Today, we’re going to take a walk down medicine’s historical hall of shame! The medical treatments done in the past are among the strangest and most horrific I’ve ever heard of, and yet they used to be considered effective. Are you curious?
And later on, I’ll tell you what we do today that might be considered gruesome in the future!
As a pharmacist and health advocate, I love learning about the evolution of medicine and how far we’ve come. While some of these treatments may seem barbaric by today’s standards, it’s important to remember that they were once considered cutting-edge solutions.
Here are 10 fascinating and bizarre historical remedies:
1. Bloodletting as a Medical Treatment?!
One of the most widespread medical treatments in ancient and medieval times was bloodletting. It was a common practice in many countries across the world, but it was particularly widespread in Europe and the Middle East. Doctors believed many ailments were caused by an imbalance of the four “humors” – blood, phlegm, black bile, and yellow bile.
In an attempt to restore balance, they would cut into a patient’s vein or artery and drain blood! This was done for fever, headache, and many other conditions including mental health problems.
Bloodletting was often done with leeches or sharp instruments, which could lead to infection and, in some cases, death. Fortunately, this practice has been left in the past. Here’s where you can learn more about the HISTORY.
Trepanation, the practice of drilling holes into the skull, dates back to prehistoric times. Egad! Remember, there was no such thing as lidocaine or propafol back then! Trepanation was based on the belief that by creating an opening in the skull, evil spirits or pressure could be released, thereby alleviating headaches, epilepsy, and other neurological conditions.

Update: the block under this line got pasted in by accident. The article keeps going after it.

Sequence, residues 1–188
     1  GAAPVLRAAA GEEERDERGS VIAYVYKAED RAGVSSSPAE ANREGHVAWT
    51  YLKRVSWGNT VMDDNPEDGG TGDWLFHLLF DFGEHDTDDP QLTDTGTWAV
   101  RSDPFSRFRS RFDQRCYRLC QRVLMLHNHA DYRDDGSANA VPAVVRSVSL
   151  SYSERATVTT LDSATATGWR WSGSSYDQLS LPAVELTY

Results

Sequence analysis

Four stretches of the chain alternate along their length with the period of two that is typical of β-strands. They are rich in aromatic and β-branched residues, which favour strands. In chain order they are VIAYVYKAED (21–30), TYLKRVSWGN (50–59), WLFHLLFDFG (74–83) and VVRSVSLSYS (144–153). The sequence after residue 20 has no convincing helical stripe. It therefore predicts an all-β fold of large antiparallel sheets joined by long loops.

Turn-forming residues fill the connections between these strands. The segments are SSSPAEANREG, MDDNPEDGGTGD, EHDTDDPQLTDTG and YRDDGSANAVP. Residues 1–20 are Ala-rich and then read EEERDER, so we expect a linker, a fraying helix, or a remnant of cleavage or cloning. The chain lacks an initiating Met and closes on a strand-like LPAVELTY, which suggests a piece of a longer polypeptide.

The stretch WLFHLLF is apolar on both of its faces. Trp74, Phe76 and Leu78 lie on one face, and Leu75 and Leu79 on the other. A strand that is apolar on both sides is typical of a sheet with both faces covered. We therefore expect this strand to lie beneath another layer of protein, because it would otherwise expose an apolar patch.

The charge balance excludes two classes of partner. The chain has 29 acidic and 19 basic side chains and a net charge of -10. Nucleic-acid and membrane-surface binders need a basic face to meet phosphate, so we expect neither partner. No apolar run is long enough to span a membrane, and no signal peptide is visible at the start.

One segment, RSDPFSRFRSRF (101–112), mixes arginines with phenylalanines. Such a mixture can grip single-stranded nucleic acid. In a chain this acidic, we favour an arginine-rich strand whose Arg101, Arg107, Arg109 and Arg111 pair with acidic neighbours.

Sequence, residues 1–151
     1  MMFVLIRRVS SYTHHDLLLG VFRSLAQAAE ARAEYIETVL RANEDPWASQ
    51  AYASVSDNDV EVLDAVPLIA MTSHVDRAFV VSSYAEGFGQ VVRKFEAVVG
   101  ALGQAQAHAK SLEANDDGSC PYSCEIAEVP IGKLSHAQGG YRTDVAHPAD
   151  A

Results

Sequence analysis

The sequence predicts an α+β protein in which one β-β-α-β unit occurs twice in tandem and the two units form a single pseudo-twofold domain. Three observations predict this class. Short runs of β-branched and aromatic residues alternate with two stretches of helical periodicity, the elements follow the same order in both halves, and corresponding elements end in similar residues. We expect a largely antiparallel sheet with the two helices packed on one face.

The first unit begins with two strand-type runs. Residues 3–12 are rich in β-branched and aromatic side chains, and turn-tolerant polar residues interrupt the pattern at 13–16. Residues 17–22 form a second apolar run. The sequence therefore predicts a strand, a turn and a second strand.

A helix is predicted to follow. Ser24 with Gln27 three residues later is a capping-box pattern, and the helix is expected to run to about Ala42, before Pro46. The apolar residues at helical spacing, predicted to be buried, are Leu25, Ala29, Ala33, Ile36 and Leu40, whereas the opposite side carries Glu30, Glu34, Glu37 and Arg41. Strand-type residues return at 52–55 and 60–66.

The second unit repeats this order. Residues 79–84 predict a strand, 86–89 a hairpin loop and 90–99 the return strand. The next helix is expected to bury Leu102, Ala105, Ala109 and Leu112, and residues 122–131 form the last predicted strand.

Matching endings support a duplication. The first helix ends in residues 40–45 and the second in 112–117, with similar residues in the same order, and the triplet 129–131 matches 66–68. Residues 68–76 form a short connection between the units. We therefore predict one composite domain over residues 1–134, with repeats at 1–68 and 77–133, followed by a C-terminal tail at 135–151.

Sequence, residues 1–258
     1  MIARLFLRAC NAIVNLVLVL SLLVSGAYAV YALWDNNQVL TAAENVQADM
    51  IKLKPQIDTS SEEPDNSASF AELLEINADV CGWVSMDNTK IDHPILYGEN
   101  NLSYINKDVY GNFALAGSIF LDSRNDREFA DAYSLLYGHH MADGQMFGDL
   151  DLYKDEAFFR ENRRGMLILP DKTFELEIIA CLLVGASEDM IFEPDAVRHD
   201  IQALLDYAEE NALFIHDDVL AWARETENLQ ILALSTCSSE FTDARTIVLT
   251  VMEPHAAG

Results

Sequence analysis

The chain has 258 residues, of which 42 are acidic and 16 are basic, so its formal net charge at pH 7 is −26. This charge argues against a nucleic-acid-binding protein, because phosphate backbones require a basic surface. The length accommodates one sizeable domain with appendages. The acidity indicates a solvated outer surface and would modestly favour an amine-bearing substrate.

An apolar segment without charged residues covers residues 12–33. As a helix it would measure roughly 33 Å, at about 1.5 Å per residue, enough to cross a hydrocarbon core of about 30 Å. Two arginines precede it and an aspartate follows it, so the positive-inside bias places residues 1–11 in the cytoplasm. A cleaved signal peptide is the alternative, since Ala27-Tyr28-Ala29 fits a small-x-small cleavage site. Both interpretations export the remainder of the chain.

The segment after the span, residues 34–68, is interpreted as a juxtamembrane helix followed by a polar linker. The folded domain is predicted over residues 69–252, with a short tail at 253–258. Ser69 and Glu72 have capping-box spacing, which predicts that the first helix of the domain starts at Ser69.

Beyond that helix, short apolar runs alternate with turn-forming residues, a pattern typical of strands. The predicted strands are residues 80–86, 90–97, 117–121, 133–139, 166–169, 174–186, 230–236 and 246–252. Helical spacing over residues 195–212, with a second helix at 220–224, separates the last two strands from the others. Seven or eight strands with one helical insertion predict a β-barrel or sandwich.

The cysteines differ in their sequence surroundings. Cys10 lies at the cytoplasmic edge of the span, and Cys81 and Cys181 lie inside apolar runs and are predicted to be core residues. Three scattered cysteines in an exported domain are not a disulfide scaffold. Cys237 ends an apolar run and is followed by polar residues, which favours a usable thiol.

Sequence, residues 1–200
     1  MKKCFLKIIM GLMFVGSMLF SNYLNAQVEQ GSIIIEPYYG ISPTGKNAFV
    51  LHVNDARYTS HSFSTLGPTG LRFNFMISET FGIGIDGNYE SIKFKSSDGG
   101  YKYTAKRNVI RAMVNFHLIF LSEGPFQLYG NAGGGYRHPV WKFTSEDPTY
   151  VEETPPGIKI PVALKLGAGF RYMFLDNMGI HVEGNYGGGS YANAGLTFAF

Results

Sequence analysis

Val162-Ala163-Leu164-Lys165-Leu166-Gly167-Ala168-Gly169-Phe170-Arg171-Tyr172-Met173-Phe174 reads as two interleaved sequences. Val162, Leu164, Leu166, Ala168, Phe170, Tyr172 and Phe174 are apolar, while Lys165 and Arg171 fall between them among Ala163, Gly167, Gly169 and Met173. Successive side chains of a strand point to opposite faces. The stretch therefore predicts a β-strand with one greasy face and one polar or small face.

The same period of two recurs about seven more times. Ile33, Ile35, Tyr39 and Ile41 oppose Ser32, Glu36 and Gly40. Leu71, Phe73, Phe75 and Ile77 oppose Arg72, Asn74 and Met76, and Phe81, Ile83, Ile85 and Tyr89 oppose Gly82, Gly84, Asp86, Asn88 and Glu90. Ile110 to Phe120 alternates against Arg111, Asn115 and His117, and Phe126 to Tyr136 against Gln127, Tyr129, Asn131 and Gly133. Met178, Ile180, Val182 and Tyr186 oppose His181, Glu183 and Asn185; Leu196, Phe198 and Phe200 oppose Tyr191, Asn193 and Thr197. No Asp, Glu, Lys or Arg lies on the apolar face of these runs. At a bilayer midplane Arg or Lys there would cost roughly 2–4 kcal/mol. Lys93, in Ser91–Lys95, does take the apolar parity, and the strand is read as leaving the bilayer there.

The procedure was incredibly risky and often led to infections or even death. You’d think that doctors who did this treatment were evil doctors, but at the time, it was considered reasonable! Despite the dangers, trepanation persisted well into the 18th century.
3. Mercury as a Cure-All
Once hailed as a universal cure, mercury was used to treat a plethora of ailments, including syphilis, toothaches, and even constipation. Ingesting or applying mercury to the body, however, is extremely toxic and can cause a wide range of symptoms, such as tremors, mood swings, and kidney failure.
The most notorious case of mercury poisoning comes from the hatters in the 19th century, who used mercury in the process of making hats. This led to the expression “mad as a hatter” due to the neurological damage it caused.
4. Tobacco Smoke Enemas
In the 18th century, tobacco smoke enemas were a popular treatment for various ailments, including respiratory issues, headaches, and even drowning victims. A tube was inserted into the rectum, and tobacco smoke was blown into the patient’s body.
This practice was based on the belief that tobacco smoke could warm the body and stimulate respiration. Unfortunately, the treatment was not only ineffective but also dangerous, as it could cause nicotine poisoning. Tobacco leaves are quite large, and I’ve posted an image here of a modern tobacco farmer in the field.
5. Lobotomies were Medical Treatments
The lobotomy, a procedure in which the connections between the prefrontal cortex and other parts of the brain are severed, was popular in the 20th century as a treatment for mental illness. The surgeon would go through the eyes, or above the eye socket and remove (or disconnect) a portion of a person’s brain!
Developed by Portuguese neurologist Egas Moniz, it was initially seen as a breakthrough in psychiatry. Lobotomies, a form of psychosurgery, were primarily performed on patients with severe mental illnesses, such as schizophrenia, bipolar disorder, and severe depression.
The goal of the procedure was to alleviate the symptoms of these psychiatric conditions by severing connections in the brain’s prefrontal cortex. However, the surgery often left patients with severe side effects, such as personality changes, cognitive impairment, and even death.